Getting the facts straight 11.Aug.2004 10:13

Eltear eltearpdx@netscape.net

AP Again Attributes a Statement to Kerry That He Never Made

Read through this piece of A.merican P.ropaganda and you will soon discover that nowhere does Kerry actually state, as AP claims, that "he would have voted to authorize the war in Iraq knowing what he does now." What Kerry actually said is: "Yes, I would have voted for the AUTHORITY. I believe it was the right authority for a president to have." Kerry's vote was based on the scenario - presented and subsequently misused by Bush - that if the US were ACTUALLY UNDER ATTACK that the president could declare war and retaliate without waiting to convene Congress. But that was NOT what happened. We were NOT under attack nor in real danger of attack. But AP is helping Karl Rove with his latest strategy - promoting the idea that "there's no difference" between Kerry and Bush, esp. on the Iraq war. Tip: Read every AP article VERY carefully - this is not the first time they (and the NY Times) have attributed statements to Kerry he never made.

Kerry was not misled 11.Aug.2004 10:23


Kerry knew exactly what was going to happen, as did many people. His claims to the contrary are just because he feels it's better to look incompetent than complicit... just like the Bush regime.

Nice Try, Eltear 11.Aug.2004 10:32

Bush/Kerry in 2004!!!

However, it is the Constitutional responsibility of Congress to decide matters of war, and I couldn't care less if that indisputable fact has been ignored for decades. The President (or pResident) is not the Commander in Chief unless we are at war. Are we at war? I don't recall a Congerssional declaration, only big talk from the Chimp.


whatever 11.Aug.2004 10:42


this article surprised me about as much as a cloudy day in portland in February.

Skull and Bones is as Skull and Bones does


Don't bother trying to explain it away 11.Aug.2004 10:53


Knowing then what he knows today about the lack of weapons of mass destruction in Iraq, Kerry still would have voted to authorize the war and "in all probability" would have launched a military attack to oust Hussein by now if he were president, Kerry national security adviser Jamie Rubin said in an interview Saturday.


surprise 11.Aug.2004 11:34


Two days ago Kerry called for citizens to form neighborhood watch groups to combat terrorism. Fucking neighborhood watch groups. The line seperating Bush and Kerry continues to blur.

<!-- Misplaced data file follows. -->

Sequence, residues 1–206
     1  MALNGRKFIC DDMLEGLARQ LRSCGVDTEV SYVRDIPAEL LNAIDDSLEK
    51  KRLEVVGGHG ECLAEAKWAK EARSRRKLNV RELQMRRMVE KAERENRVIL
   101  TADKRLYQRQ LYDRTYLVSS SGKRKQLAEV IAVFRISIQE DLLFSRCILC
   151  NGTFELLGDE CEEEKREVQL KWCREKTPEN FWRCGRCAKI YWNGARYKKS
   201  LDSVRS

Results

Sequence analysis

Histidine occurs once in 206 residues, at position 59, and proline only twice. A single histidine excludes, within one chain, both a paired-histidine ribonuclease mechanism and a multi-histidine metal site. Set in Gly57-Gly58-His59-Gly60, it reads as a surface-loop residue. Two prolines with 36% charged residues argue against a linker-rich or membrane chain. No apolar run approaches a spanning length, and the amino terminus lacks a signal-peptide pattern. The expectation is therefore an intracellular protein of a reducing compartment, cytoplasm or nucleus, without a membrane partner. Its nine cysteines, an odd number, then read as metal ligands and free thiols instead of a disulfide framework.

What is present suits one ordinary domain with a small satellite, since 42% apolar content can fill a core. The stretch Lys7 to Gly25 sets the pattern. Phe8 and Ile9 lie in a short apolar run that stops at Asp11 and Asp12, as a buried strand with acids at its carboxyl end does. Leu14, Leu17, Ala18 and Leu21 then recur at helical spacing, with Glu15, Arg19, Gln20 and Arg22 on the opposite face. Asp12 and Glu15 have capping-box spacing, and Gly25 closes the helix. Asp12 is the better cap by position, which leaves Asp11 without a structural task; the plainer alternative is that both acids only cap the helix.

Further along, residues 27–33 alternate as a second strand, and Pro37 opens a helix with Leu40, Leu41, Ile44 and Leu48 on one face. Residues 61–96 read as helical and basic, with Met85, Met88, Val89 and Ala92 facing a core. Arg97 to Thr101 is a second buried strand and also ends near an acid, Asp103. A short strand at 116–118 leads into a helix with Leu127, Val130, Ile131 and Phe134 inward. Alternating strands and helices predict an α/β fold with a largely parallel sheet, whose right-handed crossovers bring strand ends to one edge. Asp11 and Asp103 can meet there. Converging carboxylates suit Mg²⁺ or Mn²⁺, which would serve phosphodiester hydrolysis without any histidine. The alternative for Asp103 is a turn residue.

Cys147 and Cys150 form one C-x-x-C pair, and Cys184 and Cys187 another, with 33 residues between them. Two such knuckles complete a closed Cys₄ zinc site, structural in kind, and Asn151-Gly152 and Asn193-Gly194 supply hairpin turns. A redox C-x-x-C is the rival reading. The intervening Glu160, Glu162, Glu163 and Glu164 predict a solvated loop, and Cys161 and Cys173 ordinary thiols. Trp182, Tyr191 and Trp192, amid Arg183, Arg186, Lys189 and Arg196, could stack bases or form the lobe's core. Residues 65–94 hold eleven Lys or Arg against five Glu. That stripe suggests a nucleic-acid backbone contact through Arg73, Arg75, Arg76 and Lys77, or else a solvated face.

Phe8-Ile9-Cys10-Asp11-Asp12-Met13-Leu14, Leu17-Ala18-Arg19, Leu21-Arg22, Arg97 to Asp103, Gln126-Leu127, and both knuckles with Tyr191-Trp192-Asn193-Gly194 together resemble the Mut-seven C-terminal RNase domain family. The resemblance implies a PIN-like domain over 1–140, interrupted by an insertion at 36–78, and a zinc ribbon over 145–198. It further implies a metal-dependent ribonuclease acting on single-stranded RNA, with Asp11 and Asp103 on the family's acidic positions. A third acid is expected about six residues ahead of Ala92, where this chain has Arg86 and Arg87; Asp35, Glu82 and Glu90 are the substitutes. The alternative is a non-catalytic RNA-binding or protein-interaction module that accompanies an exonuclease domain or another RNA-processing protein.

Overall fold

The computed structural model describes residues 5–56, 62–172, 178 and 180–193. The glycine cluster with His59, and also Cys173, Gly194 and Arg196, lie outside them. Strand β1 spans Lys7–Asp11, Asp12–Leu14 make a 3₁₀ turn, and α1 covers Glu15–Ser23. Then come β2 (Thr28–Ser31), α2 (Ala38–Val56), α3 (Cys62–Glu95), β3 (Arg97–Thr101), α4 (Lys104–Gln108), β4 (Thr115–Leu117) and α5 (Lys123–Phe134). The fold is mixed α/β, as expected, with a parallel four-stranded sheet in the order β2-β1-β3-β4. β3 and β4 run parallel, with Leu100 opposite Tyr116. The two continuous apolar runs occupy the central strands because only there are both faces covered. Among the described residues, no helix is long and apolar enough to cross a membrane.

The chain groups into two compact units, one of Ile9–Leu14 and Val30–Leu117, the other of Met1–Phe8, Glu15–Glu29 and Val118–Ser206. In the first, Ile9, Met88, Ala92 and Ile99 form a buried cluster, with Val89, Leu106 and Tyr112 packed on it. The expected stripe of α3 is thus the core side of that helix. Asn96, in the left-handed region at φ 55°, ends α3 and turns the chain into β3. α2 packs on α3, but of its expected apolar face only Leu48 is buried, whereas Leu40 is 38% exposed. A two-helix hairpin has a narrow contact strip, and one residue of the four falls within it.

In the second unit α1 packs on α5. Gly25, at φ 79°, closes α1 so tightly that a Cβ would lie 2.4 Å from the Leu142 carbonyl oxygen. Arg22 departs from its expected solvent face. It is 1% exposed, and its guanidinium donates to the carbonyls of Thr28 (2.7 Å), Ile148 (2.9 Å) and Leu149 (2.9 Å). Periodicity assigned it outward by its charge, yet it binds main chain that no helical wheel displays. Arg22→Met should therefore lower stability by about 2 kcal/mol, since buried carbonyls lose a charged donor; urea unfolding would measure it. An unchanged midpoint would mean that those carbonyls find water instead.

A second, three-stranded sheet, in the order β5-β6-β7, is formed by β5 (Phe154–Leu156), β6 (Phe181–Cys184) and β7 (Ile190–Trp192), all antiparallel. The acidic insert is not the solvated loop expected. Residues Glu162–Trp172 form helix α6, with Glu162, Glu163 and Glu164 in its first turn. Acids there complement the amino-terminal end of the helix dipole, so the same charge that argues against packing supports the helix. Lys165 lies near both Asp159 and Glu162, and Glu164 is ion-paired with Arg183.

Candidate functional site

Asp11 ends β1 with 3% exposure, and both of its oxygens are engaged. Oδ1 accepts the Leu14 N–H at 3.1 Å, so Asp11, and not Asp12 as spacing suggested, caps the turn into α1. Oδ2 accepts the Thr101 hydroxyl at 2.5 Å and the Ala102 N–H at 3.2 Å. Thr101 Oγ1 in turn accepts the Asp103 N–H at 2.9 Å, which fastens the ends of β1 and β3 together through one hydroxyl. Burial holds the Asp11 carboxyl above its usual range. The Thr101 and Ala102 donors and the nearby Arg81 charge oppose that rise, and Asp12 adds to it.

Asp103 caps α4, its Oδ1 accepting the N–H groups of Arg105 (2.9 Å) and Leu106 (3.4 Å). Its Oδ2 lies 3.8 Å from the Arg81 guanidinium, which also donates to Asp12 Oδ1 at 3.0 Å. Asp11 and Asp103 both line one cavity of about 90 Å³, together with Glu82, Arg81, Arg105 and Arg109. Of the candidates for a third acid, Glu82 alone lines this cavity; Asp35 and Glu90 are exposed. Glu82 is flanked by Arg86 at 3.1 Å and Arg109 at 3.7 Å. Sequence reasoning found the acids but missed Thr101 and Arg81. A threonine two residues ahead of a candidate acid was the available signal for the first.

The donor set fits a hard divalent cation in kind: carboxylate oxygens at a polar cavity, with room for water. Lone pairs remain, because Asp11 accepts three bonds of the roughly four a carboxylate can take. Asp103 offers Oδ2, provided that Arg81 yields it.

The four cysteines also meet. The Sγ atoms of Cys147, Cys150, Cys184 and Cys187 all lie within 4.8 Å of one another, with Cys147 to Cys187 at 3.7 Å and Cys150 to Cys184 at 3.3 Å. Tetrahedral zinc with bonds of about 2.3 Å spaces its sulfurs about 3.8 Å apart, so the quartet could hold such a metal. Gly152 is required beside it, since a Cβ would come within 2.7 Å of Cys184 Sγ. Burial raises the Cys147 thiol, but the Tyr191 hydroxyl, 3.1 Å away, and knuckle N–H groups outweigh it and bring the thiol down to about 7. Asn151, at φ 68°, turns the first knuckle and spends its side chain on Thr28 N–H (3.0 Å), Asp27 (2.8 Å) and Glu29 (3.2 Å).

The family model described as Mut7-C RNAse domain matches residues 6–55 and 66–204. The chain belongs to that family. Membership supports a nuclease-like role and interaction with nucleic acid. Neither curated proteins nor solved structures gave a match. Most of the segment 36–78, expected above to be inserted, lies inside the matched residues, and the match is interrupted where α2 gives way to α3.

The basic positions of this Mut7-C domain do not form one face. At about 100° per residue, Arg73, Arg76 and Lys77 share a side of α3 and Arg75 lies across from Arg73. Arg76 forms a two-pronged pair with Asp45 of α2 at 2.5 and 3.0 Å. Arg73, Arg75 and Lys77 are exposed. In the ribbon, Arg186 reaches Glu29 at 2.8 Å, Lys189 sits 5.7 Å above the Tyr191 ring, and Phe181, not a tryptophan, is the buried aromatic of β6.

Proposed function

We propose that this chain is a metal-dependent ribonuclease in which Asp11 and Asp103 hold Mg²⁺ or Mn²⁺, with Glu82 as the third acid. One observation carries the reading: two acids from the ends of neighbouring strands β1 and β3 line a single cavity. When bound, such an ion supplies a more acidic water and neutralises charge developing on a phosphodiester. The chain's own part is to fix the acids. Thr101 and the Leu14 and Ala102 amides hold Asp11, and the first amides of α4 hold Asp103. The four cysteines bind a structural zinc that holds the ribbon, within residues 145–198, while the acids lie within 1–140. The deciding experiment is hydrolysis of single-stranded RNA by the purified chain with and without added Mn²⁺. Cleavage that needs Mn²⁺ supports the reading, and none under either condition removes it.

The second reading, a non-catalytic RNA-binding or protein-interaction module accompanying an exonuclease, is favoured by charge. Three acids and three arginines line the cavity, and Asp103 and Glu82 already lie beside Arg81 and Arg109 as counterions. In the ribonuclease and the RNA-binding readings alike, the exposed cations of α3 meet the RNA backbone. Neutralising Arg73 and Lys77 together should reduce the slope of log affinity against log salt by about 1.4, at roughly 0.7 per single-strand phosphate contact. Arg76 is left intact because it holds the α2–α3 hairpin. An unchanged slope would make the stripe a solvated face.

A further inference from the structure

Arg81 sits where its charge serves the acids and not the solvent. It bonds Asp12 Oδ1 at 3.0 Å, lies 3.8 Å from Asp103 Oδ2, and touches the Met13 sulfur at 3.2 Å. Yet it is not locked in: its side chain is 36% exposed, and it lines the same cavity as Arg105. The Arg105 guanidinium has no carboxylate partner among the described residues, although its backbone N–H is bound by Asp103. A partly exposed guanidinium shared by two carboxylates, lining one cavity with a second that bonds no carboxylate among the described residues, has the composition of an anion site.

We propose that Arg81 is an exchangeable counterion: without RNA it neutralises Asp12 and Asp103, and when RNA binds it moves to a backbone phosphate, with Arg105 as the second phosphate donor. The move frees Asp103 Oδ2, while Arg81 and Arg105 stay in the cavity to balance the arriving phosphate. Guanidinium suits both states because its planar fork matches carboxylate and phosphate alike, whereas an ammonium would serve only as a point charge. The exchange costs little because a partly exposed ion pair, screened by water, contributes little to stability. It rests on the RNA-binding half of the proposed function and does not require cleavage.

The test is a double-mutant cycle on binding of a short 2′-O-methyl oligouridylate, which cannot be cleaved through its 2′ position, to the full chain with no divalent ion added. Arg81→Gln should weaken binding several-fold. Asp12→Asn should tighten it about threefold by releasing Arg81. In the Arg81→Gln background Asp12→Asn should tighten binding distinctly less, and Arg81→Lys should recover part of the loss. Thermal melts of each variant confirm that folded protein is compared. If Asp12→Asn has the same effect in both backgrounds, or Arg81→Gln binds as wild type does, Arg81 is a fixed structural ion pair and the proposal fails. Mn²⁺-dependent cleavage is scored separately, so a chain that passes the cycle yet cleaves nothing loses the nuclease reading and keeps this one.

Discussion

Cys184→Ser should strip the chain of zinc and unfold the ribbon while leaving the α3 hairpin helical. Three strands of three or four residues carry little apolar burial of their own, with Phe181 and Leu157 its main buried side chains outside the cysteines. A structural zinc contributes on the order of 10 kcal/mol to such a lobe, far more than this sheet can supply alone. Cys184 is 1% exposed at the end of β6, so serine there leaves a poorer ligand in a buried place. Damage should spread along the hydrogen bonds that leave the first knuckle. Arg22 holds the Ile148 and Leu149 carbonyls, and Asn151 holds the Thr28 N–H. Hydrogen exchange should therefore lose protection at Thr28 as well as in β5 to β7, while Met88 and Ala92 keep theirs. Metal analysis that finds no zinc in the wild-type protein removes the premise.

This, from a man who voted for Nafta, the Patriot Act, and the war. In light of recent developments in the ever spectacular Kerry campaign, it appears Kucinich has failed in reforming the sacred Democratic party. Fuck. He was so close.

If you bring a sign or your voice of dissent to his"rally" this Friday, it won't be tolerated. You will go where all those who aren't in step end up, far away from the flag waving and the fever of corporate politics.

Meanwhile, we still have members of the progressive community clinging to Nader and his stale campaign of ego and big money. Nader's run as an independent and Kucinich's "progressive" campaign have done more damage to the 3rd Party movement in Portland than Bush could ever have hoped for. There's no solidarity in an independent, and there's no progressive politics in the Democratic party.Both have sucked time and resources out of an already fragmented community and left us bitching about symptoms.

See ya'all Friday.

yes, it's fascism, but also good sign making 11.Aug.2004 12:02


My sign for the Kerry rally:

Neighborhood Terrorist Watch Groups For Kerry

strict conditions 11.Aug.2004 12:10


to go inside the event you are not allowed any signs nor bags!
very strict conditions.
perhaps to protect Nardo or Bon Jovi.
maybe the Big Skull
who knows.

i suggest t-shirts w/ lovely messages if you plan on going inside.
"Your War Monger is Not Welcome Here"

except that. . . 11.Aug.2004 16:05


"Kerry is a member of the Committee for the Liberation of Iraq (CLI). Guess that should be "was an member", now that Iraq has been liberated they've probably disbanded. The roots of this organization go back at least to the Gulf war and has many members in common with the infamous PNAC. Read about it here, or go googling..."

Bob Kerry is a member of the CLI, not John Kerry. At least read the documents you link to.

Comments on comments 11.Aug.2004 16:29

Anybody but Kerry

First, "Bush/Kerry in 2004" commented that:

"The President (or pResident) is not the Commander in Chief unless we are at war."

The President is commander-in-chief OF THE MILITARY regardless of whether we are at war. He is never commander-in-chief of the country or of you an I unless we are in the military, regardless of whether we are at war. Article II Section 2 of the U.S. Constitution reads: "The President shall be commander in chief of the Army and Navy of the United States, and of the militia of the several states, when called into the actual service of the United States;"